Australia Post chairman must go after giant fail - By TERRY MCCRANN

Australia Post chairman must go after giant fail

The chairman of Australia Post Lucio Di Bartolomeo must resign. His position is now completely untenable.

In allowing the prime minister to suspend – and indeed directly threaten the sacking of – AusPost’s CEO Christine Holgate, Di Bartolomeo has failed his most fundamental responsibilities as chairman.

It cannot be in the best interests of AusPost and indeed of its shareholder to be unnecessarily — and I would argue, actually inappropriately — deprived of its CEO for four weeks at this utterly critical time as we emerge from anti-virus lockdowns and count down to Christmas, purely on what can only be described as the hysterical whim of the PM.

Indeed Di Bartolomeo specifically acknowledged how critical this time was in a statement last Friday and I quote: “In light of the expected more than 50 per cent growth in parcel delivery it will be the most challenging period in the history of the organisation”.

Let me try to inform Di Bartolomeo of his core obligation as AusPost chairman.

It is to oversee the effective governance of the corporation in the best interests of its shareholder, which is the Australian government and not an individual named Scott Morrison even if that individual is the PM.

There is simply no valid basis for the boardto require Holgate to stand down or to approve her volunteering to stand down — as either way AusPost is unnecessarily/inappropriately being deprived of its CEO.

And to whom, further, AusPost will be paying — and most appropriately, paying – over $100,000 while she’s not working.

As I asked last week and which the chairman doesn’t seem to have asked or even understood: on what possible basis is it necessary or appropriate for her to stand down?

Australia Post chairman Lucio Di Bartolomeo. Picture: AAP
Australia Post chairman Lucio Di Bartolomeo. Picture: AAP

Australia Post chief executive Christine Holgate. Picture: Gary Ramage
Australia Post chief executive Christine Holgate. Picture: Gary Ramage

The government is perfectly entitled to behave stupidly — to spend some multiple of the $20,000 AusPost spent on what are now the most ridiculously infamous Cartier watches in our entire history, to find out what exactly?

That two years ago — not, as the overly-hysterical media suggested, right now in this year of plague — AusPost spent $20,000 to give four executives a ‘thank-you’ for sealing a deal worth $66m-plus for AusPost and for its owner, the taxpayer?

The PM and communications minister Paul Fletcher are outraged — and I mean outraged — at this misspending of taxpayer money. So their ‘answer’ is to misspend perhaps five or ten times as much on a useless inquiry.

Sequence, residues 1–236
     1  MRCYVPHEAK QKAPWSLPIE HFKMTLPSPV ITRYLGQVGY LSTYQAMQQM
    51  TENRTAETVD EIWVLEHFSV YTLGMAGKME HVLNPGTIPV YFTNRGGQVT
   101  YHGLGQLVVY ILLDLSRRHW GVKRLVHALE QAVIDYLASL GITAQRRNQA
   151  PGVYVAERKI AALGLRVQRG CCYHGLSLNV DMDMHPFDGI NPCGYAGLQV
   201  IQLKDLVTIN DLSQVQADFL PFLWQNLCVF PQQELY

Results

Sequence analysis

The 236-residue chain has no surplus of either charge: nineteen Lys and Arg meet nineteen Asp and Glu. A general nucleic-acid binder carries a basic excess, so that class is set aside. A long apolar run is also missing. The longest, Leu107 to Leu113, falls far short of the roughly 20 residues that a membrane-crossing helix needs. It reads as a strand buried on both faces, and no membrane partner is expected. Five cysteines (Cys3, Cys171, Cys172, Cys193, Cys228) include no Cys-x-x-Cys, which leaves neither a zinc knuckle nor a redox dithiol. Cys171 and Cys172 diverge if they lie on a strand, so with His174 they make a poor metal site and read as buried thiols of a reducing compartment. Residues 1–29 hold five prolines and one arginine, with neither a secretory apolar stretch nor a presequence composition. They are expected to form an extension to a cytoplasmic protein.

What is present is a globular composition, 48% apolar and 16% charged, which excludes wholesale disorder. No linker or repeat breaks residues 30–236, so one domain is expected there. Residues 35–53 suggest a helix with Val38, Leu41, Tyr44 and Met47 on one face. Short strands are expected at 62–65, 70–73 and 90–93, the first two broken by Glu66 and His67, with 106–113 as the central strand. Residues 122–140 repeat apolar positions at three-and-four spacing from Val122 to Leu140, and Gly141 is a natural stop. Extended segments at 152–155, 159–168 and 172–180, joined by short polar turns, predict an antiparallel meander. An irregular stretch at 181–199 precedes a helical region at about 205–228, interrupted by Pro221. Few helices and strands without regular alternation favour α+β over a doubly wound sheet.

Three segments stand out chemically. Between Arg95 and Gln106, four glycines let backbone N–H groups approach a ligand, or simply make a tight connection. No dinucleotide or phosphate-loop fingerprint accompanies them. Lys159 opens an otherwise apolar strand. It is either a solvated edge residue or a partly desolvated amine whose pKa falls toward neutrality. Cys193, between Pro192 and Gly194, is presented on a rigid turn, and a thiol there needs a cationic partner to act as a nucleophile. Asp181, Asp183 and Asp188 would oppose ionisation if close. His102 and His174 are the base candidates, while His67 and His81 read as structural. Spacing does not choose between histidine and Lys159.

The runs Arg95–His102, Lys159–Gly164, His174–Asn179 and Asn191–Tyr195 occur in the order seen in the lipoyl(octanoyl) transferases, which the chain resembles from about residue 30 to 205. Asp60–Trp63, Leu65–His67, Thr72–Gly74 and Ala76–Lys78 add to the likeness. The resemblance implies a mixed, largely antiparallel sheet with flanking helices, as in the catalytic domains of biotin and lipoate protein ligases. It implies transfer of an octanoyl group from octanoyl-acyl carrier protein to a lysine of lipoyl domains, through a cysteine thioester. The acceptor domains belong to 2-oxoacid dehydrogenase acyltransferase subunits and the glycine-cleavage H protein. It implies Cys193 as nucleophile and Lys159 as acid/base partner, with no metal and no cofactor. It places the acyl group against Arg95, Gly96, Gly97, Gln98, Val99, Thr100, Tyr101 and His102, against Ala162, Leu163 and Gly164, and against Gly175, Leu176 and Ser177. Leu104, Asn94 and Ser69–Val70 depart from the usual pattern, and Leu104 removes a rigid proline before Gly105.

Yes, the inquiry has been tricked up to include other areas of alleged misspending by Holgate on travel and pot plants — although the prima facie evidence there again is that while it might have been over-spending, it is yet to be proved to have been misspending.

I await the subsequent Royal Commission into spending on pot plants across the public sector and government. Nothing less will do to root out such flagrant extravagance.

Does Di Bartolomeo actually understand the role of chairman?

Three statements were issued under his name last week. Not one of them made any attempt to explain why Holgate was standing aside and on what basis.

Was she instructed by the board? Did she volunteer and if so why did the board accept it? Or was it simply taken as ‘read’ after the PM’s hysteria?

Whichever it was the board had only one course: to require her to continue working unless and until at least some evidence that she had acted improperly or even inappropriately was provided.

Di Bartolomeo needs to understand that the chairman of any corporation whether privately or government owned cannot be ordered by its shareholder/shareholders to do anything – far less something that is clearly against the best interests of the corporation like suspending the CEO.

Far less, should a board accept such an order from an individual, even the PM; doing so makes him unfit to continue as chairman.

The AusPost Act makes it crystal clear that, yes, the “minister” can direct the board.

But that direction must be afterconsultation with the board and relate to the “performance of Australia Post’s functions as appear to the Minister to be necessary in the public interest”.

I would argue that suspending the CEO in these circumstances clearly fails that test.

Allowing it to happen, to the detriment of AusPost and to the public interest, means Di Bartolomeo must go.